Premier Su Tseng-chang, center, speaks to reporters during a visit to Pingtung County yesterday.
OPEN DOOR: Taiwan is willing to engage with China in the spirit of goodwill, but on an equal basis and without political preconditions, Premier Su Tseng-chang said
By Chen Yu-fu and Liu Tzu-hsuan / Staff reporters, with staff writer and agencies
The Mainland Affairs Council （MAC） yesterday denounced China for publicly threatening Taiwan at an international event, saying that it was tantamount to a declaration of war and flouted peaceful international relations.
The council made the remarks after Chinese Minister of National Defense General Wei Fenghe （魏鳳和） earlier in the day said that China would “fight to the very end” to stop Taiwanese independence.
In a fiery address to the Shangri-La Dialogue security summit in Singapore yesterday, Wei said that Beijing would have “no choice” but to fight if attempts are made to “separate” Taiwan from China.
“We will fight at all cost, and we will fight to the very end,” he told the summit, which brings together defense ministers from Asia and elsewhere.
“No one should ever underestimate the resolve and ability of the Chinese armed forces to safeguard its territorial integrity,” he said.
“Those who pursue Taiwanese independence in an attempt to split China will definitely come to no good end,” he added.
The MAC said in a statement that Wei’s remarks “proved that Beijing is the source of the regional disturbance.”
The council said it is “a fact” that the two sides of the Taiwan Strait do not belong to each other, and that Taiwan has never been a part of China.
China has been ignoring Taiwan and other countries’ opposition to its aggressive actions and false claims, and trying to unify with Taiwan by force, the MAC said, adding that China would suffer the consequences of meddling with Taiwan’s international support.
Separately yesterday, Premier Su Tseng-chang （蘇貞昌） said that Taiwan does not want to close the door on relations with China and is willing to engage in the spirit of goodwill, but on an equal basis and without political preconditions.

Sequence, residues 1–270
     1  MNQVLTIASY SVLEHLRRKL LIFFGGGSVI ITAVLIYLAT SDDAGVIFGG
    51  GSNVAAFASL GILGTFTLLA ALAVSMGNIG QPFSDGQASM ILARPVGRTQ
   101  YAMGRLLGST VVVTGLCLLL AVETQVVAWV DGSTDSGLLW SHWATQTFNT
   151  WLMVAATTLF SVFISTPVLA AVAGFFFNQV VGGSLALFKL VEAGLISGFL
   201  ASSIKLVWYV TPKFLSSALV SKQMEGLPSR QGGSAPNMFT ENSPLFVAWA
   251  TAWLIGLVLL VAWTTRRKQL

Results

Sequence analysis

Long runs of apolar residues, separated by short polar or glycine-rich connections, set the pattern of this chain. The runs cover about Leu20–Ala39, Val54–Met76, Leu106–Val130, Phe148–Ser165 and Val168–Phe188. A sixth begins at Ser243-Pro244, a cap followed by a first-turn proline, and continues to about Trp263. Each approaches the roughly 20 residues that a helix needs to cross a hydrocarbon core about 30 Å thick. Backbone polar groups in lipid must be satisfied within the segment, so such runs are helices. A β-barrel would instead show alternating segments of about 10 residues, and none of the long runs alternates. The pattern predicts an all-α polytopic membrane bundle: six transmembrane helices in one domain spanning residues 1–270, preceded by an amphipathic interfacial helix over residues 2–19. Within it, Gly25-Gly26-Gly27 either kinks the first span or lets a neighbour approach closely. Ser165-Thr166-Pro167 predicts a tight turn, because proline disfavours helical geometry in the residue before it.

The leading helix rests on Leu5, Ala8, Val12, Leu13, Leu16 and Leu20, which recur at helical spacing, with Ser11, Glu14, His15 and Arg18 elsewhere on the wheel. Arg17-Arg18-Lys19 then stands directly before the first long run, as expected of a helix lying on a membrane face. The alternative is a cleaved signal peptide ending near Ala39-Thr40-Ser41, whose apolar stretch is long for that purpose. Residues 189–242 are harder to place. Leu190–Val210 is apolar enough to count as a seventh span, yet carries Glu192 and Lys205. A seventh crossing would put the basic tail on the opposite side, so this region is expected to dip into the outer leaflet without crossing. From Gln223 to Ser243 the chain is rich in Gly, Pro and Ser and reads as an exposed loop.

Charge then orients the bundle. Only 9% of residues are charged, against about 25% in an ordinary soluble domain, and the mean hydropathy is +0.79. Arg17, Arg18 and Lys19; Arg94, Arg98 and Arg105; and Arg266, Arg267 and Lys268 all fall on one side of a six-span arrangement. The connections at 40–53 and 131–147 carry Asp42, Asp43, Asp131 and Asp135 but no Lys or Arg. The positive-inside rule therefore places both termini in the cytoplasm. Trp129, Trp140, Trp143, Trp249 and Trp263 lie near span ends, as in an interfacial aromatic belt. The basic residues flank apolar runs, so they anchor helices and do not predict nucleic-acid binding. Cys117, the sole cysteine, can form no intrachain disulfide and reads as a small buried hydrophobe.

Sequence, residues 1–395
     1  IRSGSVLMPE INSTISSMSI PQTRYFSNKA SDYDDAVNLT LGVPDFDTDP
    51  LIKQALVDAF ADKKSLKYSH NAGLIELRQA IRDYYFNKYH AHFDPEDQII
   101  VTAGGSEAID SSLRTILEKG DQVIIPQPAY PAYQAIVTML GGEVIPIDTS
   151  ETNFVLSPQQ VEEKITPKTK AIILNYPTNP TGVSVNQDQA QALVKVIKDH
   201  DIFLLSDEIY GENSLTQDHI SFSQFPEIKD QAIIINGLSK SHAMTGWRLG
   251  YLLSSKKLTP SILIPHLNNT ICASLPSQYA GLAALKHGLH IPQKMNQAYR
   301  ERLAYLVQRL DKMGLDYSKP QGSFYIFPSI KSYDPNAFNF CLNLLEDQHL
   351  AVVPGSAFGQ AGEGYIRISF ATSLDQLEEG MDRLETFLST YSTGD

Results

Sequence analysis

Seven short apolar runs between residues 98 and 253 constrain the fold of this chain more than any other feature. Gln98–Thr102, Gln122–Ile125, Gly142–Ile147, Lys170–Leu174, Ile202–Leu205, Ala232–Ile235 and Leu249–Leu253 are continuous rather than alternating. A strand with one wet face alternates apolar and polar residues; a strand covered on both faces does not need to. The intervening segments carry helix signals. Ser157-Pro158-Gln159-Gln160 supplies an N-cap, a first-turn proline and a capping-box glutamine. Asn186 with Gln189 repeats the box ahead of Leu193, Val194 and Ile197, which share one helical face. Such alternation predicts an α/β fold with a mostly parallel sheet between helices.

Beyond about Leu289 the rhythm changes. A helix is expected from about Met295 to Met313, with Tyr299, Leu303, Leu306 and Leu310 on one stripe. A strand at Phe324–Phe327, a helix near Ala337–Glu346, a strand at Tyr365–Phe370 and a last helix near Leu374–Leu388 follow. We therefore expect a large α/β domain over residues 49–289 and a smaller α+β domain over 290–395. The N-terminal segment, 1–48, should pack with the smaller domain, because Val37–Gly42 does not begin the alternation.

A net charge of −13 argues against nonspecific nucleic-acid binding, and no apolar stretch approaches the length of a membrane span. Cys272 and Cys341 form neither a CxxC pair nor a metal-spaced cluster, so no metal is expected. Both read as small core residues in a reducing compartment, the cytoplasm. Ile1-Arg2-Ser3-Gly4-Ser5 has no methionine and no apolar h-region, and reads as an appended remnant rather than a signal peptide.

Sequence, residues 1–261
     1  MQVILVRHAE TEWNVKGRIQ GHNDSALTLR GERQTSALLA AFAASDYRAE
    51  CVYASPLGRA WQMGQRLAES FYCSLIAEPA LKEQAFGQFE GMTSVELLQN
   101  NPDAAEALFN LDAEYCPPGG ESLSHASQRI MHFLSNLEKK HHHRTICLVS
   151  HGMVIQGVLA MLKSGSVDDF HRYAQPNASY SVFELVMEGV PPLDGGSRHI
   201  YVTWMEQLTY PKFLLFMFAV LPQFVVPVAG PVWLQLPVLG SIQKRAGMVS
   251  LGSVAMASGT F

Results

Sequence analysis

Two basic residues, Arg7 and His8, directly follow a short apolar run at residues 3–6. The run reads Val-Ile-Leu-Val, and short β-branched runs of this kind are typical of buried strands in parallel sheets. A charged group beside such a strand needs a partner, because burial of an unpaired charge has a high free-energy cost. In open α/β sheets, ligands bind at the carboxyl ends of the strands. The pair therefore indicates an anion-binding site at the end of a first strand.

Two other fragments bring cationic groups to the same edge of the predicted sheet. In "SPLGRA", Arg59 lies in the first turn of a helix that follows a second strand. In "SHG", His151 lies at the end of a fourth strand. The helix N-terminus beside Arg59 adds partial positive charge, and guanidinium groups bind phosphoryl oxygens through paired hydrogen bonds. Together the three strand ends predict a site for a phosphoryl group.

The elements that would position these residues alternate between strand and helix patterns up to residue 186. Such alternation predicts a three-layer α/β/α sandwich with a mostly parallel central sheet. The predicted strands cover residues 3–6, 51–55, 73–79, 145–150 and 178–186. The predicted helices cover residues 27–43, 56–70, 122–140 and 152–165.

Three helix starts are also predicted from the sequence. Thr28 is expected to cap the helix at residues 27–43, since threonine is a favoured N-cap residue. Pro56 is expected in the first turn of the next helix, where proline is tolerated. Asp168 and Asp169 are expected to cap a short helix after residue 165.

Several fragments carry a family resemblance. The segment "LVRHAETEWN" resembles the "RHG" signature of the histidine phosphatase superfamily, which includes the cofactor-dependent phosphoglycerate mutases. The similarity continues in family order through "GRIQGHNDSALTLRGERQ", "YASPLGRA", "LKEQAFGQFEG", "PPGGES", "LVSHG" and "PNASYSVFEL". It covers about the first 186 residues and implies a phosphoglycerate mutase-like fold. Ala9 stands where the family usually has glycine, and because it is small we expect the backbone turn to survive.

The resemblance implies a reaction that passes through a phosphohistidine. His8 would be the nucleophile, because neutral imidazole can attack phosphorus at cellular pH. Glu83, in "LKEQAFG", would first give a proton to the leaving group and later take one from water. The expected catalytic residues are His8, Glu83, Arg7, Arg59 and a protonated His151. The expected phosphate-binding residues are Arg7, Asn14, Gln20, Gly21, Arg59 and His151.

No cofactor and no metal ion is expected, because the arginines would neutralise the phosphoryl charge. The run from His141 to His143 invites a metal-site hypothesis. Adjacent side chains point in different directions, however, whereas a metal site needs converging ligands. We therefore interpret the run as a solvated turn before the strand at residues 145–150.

Speaking to reporters after China on Friday announced a ban on imports of Taiwanese grouper fish on safety grounds, a move Taipei called politically motivated, Su said Taiwan has always shown goodwill toward China.
“As long as there is equality, reciprocity and no political preconditions, we are willing to engage in goodwill with China,” he said, reiterating a position that President Tsai Ing-wen （蔡英文） has repeatedly made in public.
“As for China’s harassment of Taiwan with military aircraft, warships, unreasonable suppression and political actions, the one being most unreasonable is China,” Su added. “Taiwan does not want to close the door to China. It is China that has used various means to oppress and treat Taiwan unreasonably.”
Beijing has refused to speak to Tsai since she was elected in 2016, viewing her as a separatist who has refused to accept that China and Taiwan are part of “one China.”
Tsai says only Taiwan’s people can decide their future, and while they want peace with China, they would defend themselves if attacked.
Minister of Foreign Affairs Joseph Wu （吳釗燮） yesterday wrote on Twitter: “#Beijing banned #Taiwan #FreedomPineapple imports, now it’s targeting our groupers. That’s what the communists do: They buy & pirate tech before weaponizing. Free & fair trade with #China is a fail. We’re just putting more ammunition in their stockpile.”
A Chinese delegate takes a photograph during Chinese Minister of National Defense General Wei Fenghe’s speech at the Shangri-la Dialogue in Singapore yesterday.